Tag Archives: iPhone

Pocket Computational Photography

If you’ve followed this blog for a while, you may have seen my earlier posts on computational photography.  If not, you can review them at this link:  http://edrosack.com/?s=computational+photography.  The term refers to using software algorithms to supplement or replace optical capture processes.  Common examples are multi-frame panoramas, focus stacking, HDR processing, post capture focus, and other techniques.  You can read more about it at this link on Wikipedia:  https://en.wikipedia.org/wiki/Computational_photography

As phone capabilities increase, their computational photography power is growing.  Camera phones have long been able to do on the fly panorama and HDR capture.  And here’s an example of a new capability that arrived on the iPhone 7+.

BokehBokeh

Apple calls this “Portrait Mode”.  It’s available in Beta on the iPhone 7+ in the latest version of IOS.  Since the 7+ has two cameras separated by a small distance, it provides the info necessary to compute a “depth map” of pixels in the frame.  The software uses this to selectively blur pixels based on distance to add a “Bokeh” (shallow depth of field) effect that helps with subject isolation.  For comparison, here is the non-computed version of the image.  You can see that the background looks very different.

Original
Original

All isn’t perfect.  The algorithm has problems around small features at the boundaries.   Look closely at the next frame and you can see blurring issues at the edges of the reed.

Phone output
Phone output

The processing blurred parts of the reed that we wanted sharp.  For the first photo above – I cheated and used Photoshop to correct the problems.  Maybe in future versions the software will be better.

Here’s one more example.  This is Lynn, rocking an election day t-shirt.  First, the portrait mode version.

Lynn - original
Lynn – portrait mode

And finally, the original.  In this case, the software did much better, with no obvious blurring issues.  These two are straight out of the camera with no processing on my part.

Lynn - portrait mode
Lynn – original

It’s fascinating how photography and computers are merging.  For someone who started out programming a large room sized Univac in FORTRAN with punch cards, the power and ability that fits in my pocket is just stunning.  I’m glad to have it with me.

What can they possibly think of next?  Do you use computational photography techniques?  Do you like or hate them?

Thanks for stopping by and reading my blog. Now – go compute some images!

©2016, Ed Rosack. All rights reserved

iPhone vs. “big” cameras?

When I’m traveling, I try to take an iPhone photo when I get to a new place.  Sometimes I forget but when I can remember, the iPhone’s GPS capability records the location for me.  Then when I’m back home, it makes it easier to map out exactly where I’ve been.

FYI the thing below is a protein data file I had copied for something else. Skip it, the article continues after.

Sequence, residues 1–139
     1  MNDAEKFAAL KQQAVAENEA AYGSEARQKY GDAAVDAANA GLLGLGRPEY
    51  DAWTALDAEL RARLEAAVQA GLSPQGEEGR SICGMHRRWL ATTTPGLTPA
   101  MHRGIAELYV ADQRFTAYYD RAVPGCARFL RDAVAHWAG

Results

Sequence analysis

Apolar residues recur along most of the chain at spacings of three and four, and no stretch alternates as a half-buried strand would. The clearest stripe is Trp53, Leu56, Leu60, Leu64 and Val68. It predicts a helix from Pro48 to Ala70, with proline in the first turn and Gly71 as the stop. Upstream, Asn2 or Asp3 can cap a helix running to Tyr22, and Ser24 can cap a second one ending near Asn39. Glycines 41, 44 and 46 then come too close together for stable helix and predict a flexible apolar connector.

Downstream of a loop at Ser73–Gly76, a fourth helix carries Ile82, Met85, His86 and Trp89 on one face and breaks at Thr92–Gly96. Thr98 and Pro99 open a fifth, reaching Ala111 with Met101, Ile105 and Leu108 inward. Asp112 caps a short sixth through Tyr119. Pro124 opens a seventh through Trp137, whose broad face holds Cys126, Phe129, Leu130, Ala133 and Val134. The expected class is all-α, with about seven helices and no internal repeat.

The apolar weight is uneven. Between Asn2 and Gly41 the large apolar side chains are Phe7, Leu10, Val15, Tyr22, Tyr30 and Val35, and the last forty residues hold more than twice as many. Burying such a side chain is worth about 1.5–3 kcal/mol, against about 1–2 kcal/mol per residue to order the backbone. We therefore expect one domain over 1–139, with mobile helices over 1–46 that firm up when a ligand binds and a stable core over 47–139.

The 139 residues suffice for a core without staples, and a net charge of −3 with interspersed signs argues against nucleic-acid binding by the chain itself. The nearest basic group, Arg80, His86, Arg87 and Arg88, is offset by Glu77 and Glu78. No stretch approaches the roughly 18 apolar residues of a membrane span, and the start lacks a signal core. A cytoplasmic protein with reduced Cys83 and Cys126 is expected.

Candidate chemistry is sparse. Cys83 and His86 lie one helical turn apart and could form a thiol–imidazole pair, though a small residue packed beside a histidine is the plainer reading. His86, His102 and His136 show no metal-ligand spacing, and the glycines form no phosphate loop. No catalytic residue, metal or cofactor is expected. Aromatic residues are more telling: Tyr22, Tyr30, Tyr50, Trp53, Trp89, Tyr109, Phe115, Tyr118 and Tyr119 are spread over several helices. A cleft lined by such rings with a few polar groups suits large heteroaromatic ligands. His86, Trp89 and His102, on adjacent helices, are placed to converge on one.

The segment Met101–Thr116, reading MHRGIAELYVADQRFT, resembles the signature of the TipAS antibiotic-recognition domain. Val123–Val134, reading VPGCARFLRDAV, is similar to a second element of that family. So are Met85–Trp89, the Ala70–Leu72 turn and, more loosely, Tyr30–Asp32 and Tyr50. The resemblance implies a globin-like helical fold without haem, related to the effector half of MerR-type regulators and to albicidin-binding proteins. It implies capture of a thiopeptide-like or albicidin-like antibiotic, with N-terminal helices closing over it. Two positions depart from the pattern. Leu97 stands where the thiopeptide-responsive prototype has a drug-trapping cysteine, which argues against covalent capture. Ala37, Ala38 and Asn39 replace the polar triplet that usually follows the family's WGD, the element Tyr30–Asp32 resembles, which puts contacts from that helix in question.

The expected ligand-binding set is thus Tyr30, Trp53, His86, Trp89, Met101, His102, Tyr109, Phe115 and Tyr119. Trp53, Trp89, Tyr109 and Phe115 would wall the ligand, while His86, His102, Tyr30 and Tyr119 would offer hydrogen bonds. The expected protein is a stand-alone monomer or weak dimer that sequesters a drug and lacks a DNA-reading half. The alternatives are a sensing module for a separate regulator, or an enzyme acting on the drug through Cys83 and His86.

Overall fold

This is one of the first photo’s I made on our trip out to Utah a few weeks ago:

Cedar Breaks National Monument amphitheaterCedar Breaks National Monument amphitheater iPhone panorama

 When I posted it on Flickr, I commented “Straight out of the iPhone’s panorama mode. I’m not sure why I have all these other cameras.”  And I do like the photo.  Phone cameras do pretty well, especially in good light.  So I wondered …

When I got home and processed the rest of my photos, I took a look at some of the other iPhone images compared with similar images from my “big” cameras (interchangeable lens cameras with larger sensors).  Here’s another example:

Sunrise at Point Supreme, iPhone PanoramaSunrise at Point Supreme, iPhone version – Panorama mode

Although the light was very pretty that morning, it was also very challenging for the iPhone sensor and lens.    I’ve tried to adjust the photo to be as similar as possible to the one below.  But I can still see major differences.  I made the next photo a minute or so later and very near the same spot with an Olympus E-M5 II micro four-thirds camera and the 12 – 40 mm f/2.8 Pro zoom lens.

Sunrise at Point Supreme
Sunrise at Point Supreme – Olympus version – multi image panorama

After looking at several cases where I had similar photos, I think this example shows why we need to keep our big cameras.

  • The exposure latitude and dynamic range capability of sensors that are larger than the one in the iPhone means that the dark areas have more detail and less noise, and the bright areas are less likely to blow out.  For high contrast light (sunrise / sunset) this helps a lot.
  • The lens in the iPhone didn’t handle the flare / glare very well.
  • The resolution capabilities of phone cameras are growing.  But with careful capture, I can create much larger images with the big cameras.  For instance the last photo above is 58 megapixel. The amount of detail in a file that large is enormous compared to a phone photo.
  • Control:  For me, the big cameras beat phone cameras in flexibility / control and ergonomics.  I can easily control everything from lens choice to aperture, ISO, shutter speed, etc.  You can get apps for your phone that add better controls, but I find them inconvenient and don’t often use the ones I have.
  • Color / white balance:  The default color and white balance on the phone are very good.  But when I use the big cameras, I can shoot in RAW format, which makes adjusting white balance and color much easier in post processing.  RAW format also allows more adjustment latitude, since I’m working with a 14 bit file in RAW, instead of an 8 bit jpg file.  RAW is coming to the iPhone soon, which should help.

So there are some reasons why I think big cameras are worth the extra weight / trouble of bringing them along.  I use my phone camera to supplement them.  How about you?

Thanks for stopping by and reading my blog. Now – go make some photos!

©2016, Ed Rosack. All rights reserved.